Music festival line-ups in the United States have been scrutinized for their lack of female acts in recent years, and it seems the music scene in Mexico isn’t much better.
Daniel Carbajal, a visual communications student in Mexico City, noticed the blatant gender imbalance and decided to use his photoshop skills to make a point. The 22-year-old took images of the posters of four music festivals in Mexico this year and removed all the male-only acts, leaving mix-gender groups.
He posted the modified versions to Twitter on Thursday, to highlight the lack of women who are featured on music festival line-ups.
Carbajal spoke to Remezcla about what inspired him to edit the line-ups for Festival Bravo, Festival Marvin, Hellow Festival and the Corona Capital Festival.
“Ever since I was a teenager I’ve been interested in music by women and members of the LGBTTTI community,” he told the site. “The minimal representation and visibility these projects have bothers me. There are women who get half the recognition men do and they work twice as hard; women of color deal with this even more.”
Gender inequality in music festivals is something HuffPost explored last year, when HuffPost’s Alanna Vagianos looked into the line-ups of ten major music festivals in the U.S. over the course of five years. The analysis revealed a shockingly wide gender gap that's remained relatively consistent since 2012.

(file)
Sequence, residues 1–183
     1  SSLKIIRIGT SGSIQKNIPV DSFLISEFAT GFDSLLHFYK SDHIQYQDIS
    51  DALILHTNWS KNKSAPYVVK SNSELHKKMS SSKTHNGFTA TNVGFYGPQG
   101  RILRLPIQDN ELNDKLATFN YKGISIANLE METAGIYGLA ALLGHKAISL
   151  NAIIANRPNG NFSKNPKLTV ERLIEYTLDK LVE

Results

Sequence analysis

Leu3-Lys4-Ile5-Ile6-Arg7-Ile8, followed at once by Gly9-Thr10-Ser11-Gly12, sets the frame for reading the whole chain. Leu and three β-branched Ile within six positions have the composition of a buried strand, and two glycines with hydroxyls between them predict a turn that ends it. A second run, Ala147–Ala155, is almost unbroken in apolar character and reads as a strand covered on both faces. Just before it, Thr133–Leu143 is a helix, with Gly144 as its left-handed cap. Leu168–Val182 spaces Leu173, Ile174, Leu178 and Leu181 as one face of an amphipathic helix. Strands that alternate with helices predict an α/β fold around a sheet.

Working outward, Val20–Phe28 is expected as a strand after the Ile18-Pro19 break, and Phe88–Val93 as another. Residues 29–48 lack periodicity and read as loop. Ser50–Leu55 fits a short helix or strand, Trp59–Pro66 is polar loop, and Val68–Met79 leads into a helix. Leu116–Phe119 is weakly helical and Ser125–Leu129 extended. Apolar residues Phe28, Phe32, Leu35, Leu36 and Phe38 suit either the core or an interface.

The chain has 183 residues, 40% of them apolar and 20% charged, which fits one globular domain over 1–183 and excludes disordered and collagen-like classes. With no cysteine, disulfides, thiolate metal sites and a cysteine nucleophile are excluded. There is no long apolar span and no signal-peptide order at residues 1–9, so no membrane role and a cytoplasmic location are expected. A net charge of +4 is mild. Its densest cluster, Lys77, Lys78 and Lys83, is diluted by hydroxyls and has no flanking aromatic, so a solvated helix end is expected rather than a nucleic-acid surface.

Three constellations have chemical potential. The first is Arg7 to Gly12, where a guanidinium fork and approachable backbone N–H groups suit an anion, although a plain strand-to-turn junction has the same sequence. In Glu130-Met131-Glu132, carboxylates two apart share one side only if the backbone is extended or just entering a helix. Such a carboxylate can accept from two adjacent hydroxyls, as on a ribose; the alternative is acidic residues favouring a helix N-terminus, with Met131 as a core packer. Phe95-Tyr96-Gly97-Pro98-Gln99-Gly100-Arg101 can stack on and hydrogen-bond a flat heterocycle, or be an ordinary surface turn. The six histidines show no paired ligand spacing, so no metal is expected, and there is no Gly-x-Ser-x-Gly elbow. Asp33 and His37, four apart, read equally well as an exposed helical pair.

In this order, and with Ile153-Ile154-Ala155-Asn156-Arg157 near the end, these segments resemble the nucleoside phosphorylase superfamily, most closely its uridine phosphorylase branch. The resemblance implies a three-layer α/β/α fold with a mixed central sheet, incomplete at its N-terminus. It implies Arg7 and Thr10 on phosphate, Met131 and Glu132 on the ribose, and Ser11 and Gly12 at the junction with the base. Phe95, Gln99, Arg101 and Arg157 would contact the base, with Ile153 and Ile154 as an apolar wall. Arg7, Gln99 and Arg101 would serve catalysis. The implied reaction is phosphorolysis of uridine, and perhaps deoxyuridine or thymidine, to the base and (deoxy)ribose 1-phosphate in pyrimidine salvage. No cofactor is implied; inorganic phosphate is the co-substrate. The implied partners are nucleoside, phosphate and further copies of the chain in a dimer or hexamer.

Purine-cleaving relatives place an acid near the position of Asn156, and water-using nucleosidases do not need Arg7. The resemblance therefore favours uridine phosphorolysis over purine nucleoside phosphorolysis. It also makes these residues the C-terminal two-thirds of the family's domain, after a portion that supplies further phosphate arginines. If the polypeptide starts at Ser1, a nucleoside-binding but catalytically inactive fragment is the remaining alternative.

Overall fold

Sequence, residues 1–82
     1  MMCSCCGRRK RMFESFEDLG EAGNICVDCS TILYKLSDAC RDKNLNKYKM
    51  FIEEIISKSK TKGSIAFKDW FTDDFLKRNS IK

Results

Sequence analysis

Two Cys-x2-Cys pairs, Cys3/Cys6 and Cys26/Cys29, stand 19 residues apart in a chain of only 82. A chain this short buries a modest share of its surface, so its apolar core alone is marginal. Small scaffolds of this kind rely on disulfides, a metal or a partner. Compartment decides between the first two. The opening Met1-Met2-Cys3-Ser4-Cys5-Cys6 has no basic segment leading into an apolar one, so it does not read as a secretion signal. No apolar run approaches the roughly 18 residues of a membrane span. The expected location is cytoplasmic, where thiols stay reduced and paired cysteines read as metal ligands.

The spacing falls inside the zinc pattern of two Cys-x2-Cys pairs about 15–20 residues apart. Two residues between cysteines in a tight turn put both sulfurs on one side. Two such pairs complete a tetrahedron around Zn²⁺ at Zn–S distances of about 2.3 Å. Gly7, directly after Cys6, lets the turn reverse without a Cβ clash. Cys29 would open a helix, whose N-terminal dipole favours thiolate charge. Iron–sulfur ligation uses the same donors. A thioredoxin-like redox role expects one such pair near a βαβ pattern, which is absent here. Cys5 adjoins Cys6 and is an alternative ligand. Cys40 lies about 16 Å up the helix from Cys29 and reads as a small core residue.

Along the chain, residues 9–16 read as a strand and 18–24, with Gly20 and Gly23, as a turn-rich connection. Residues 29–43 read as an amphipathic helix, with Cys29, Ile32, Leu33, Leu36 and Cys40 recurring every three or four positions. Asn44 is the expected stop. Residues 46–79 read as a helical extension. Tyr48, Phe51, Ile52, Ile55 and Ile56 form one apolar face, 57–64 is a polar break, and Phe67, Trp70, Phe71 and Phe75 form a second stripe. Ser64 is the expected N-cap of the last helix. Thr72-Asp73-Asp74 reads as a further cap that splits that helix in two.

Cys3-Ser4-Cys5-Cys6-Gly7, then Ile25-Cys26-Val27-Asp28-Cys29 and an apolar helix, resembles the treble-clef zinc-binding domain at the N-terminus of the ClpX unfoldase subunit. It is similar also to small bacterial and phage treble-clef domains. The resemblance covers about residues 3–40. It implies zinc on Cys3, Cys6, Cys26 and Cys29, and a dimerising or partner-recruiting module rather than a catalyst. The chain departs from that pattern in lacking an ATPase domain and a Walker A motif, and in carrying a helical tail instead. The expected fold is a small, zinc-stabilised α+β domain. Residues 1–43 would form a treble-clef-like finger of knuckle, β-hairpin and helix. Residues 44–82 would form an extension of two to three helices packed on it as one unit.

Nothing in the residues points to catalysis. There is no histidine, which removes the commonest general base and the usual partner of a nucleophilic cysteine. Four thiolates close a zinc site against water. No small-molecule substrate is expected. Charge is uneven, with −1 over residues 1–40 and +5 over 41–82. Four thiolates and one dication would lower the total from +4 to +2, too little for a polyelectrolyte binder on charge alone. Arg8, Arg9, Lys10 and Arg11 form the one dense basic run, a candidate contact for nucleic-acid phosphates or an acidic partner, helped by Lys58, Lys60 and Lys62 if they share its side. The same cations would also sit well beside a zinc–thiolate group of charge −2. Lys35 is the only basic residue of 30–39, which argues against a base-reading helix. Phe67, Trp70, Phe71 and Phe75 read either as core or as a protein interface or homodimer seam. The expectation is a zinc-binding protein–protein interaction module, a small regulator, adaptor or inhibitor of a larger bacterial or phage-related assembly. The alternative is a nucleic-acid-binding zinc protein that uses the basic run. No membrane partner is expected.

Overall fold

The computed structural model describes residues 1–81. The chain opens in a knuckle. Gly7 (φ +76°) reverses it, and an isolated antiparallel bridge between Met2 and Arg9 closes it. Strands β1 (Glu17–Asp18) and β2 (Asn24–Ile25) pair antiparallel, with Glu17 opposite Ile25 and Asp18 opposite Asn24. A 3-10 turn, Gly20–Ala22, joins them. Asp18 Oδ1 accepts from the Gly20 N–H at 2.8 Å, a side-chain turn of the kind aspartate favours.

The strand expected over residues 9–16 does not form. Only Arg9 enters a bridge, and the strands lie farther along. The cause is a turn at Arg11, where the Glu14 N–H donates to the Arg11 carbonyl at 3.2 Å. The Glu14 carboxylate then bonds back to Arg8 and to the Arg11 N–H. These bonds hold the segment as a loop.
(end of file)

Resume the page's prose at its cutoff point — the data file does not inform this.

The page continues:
When HuffPost inquired within the music industry about the lack of female artists booked, experts and executives pointed to scheduling conflicts and the fact that many of the leading female acts are pop artists, whom they said are not commonly booked for festivals.
The Executive Vice President of Programming for Superfly, the production company behind The Bonnaroo Music and Arts Festival, also said some headliners are booked years in advance. But he admitted there is generally a lack of female artists booked.
“We’re very aware of the gender imbalance,” Sampson told HuffPost in May 2016. “We try to book the best festival that we can every year. We want the best artists out there, at every level, male or female.”
As Carbajal said, he isn’t the first person to make a point about the lack of female artists at music festival. But the Mexico City-native feels the topic is more important than ever in 2017.
“What I did isn’t something other people haven’t done before, but I find it frustrating that these highly imbalanced lineups keep showing up in times when diversity and representation are so necessary,” he told Remezcla.